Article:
According to The Guardian, British Airways last week confirmed that its staffers’ names, addresses, national insurance numbers and banking details were exposed because its payroll provider Zellis used MOVEIt. The BBC said its staff had also been afflicted because Zellis was its payroll provider, though the broad caster added that it did not believe banking details were compromised. The UK’s beauty and health companyBoots said some of its team members’ information was also stolen.

CNN reported that hundreds of organizations across the globe have likely had their data exposed after the hackers used the flaw to break into networks in recent weeks. Multiple US federal agencies, including the Department of Energy, were breached. The US Office of Personnel Management was also impacted by the sweeping hack, multiple sources told CNN on Friday.

In my opinion, now would be a good time for companies organizations who use MOVEIt to stop using it. Find a more secure way to manage sensitive data by putting it in a place where it cannot be easily accessed by ne’er-do-wells.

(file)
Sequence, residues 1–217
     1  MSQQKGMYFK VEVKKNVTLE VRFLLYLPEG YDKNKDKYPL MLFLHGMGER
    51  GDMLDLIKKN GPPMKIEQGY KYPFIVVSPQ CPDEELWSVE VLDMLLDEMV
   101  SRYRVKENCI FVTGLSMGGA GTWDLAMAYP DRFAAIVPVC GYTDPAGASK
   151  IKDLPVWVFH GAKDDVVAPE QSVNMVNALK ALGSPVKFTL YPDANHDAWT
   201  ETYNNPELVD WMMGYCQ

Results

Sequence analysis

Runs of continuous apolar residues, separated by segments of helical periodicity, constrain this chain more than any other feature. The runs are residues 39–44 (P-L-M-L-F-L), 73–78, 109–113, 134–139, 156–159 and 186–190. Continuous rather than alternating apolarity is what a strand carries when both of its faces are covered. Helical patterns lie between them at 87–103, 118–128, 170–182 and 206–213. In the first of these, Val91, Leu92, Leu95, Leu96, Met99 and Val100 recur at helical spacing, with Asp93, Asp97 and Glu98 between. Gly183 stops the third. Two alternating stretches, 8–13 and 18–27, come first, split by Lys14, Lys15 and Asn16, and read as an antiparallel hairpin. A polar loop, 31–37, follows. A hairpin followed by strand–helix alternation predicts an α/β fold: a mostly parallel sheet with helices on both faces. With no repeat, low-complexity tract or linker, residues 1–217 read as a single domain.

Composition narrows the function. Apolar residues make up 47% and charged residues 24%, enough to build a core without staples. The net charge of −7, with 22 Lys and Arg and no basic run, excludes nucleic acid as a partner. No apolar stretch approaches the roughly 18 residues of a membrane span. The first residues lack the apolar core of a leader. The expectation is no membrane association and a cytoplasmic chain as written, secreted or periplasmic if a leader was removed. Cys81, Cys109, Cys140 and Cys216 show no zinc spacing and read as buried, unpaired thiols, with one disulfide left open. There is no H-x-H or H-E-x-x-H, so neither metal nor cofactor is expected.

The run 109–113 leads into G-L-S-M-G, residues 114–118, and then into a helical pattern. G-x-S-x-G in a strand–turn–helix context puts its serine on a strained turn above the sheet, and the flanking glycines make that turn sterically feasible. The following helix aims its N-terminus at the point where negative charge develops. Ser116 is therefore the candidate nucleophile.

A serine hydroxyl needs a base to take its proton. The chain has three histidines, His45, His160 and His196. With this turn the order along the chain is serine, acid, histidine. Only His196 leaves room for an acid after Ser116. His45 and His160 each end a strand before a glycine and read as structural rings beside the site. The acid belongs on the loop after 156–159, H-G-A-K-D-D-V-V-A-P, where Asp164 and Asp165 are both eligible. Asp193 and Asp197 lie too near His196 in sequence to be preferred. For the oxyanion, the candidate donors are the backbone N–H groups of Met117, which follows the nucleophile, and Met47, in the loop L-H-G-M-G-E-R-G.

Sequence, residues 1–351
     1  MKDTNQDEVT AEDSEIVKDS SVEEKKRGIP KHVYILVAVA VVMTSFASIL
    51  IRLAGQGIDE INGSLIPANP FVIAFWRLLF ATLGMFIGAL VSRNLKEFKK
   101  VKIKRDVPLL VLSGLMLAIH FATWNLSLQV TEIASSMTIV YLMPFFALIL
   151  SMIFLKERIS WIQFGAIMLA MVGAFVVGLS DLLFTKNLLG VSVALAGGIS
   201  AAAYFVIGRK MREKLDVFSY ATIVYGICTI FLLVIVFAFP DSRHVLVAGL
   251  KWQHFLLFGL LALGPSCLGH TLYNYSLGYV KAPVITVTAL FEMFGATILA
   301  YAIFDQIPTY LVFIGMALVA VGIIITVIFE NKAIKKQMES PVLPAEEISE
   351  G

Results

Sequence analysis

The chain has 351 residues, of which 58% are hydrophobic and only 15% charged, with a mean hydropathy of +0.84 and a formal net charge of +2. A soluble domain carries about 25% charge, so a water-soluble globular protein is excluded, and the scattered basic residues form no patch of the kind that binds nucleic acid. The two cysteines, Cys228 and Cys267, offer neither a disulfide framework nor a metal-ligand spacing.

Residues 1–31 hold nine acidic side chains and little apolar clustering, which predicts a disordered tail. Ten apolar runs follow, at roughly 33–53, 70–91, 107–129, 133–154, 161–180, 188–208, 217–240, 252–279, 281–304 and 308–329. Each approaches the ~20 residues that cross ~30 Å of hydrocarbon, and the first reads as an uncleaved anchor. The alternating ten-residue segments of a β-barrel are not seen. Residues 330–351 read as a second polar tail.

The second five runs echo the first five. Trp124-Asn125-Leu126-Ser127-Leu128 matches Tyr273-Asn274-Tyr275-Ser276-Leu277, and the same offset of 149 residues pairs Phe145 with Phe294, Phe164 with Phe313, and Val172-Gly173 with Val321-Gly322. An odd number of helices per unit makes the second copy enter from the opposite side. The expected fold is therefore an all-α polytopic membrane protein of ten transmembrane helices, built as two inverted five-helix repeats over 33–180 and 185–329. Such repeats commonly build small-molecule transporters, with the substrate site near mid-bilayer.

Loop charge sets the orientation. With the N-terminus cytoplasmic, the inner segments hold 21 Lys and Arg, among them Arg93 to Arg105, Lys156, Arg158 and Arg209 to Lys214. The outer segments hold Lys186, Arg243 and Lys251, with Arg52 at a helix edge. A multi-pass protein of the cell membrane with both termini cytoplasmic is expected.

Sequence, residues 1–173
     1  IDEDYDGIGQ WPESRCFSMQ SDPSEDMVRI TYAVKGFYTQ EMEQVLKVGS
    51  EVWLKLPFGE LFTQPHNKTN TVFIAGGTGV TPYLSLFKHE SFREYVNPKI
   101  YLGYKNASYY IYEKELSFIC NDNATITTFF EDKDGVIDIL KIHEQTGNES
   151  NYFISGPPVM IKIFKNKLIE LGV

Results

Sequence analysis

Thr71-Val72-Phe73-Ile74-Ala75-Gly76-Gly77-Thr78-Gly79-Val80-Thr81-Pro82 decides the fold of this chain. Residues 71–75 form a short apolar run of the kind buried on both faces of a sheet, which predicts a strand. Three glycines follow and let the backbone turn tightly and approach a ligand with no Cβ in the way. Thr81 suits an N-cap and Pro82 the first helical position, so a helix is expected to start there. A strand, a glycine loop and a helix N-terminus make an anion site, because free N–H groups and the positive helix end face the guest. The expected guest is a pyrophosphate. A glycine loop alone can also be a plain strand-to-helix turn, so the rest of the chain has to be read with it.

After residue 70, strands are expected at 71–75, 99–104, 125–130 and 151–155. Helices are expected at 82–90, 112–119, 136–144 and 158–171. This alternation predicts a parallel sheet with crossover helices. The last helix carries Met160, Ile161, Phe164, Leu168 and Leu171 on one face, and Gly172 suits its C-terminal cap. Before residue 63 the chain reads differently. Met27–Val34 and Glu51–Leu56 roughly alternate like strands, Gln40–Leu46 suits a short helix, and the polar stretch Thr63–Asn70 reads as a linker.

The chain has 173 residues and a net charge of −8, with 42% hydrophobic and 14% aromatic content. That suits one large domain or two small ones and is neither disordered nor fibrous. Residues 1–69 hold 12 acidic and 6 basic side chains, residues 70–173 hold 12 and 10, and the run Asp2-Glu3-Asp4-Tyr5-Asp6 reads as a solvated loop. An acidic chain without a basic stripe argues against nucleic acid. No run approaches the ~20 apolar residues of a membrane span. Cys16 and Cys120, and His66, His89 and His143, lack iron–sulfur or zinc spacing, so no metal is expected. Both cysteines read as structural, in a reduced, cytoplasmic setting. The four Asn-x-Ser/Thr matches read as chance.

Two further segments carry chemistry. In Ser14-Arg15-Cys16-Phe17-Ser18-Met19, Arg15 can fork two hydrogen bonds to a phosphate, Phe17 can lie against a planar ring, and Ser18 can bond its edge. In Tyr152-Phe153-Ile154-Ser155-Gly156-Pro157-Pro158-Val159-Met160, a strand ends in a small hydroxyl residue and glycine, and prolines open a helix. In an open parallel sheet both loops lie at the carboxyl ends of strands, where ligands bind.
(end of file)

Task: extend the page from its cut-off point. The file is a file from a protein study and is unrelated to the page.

TeamViewer Has Been Hacked

TeamViewer LogoSometimes, you just need to do a quick remote log in to someone else’s computer. There are plenty of tools available for doing this. But most of them are either expensive to purchase or difficult to set up. Remote desktop app TeamViewer changed all that with a series of free cross-platform, lightweight apps that require only a couple of numeric codes in order to connect to a remote machine. This has made TeamViewer very popular, and in turn, an inevitable target for hackers.

Last week, threads began surfacing on Reddit written by TeamViewer users claiming they had been hacked thru the app. Most of the hacking claims had common points. Users who were initially away from their computers came back to find their machines were being remotely controlled and directed to website like PayPal, eBay, and Amazon. This instance was reported by Reddit user psiren66:

I was sitting on my couch at 12am and all of a sudden my machine light up.
It opened an eBay page ans started trying to buy iTunes cards. I noticed that teamviewer was running as it’s access. as soon as i touched my mouse they disconnected. I opened my teamviewer and roughly 50 accounts had been added to it.
Changed all my passwords instantly. and added two step verification to my email and teamviewer accounts.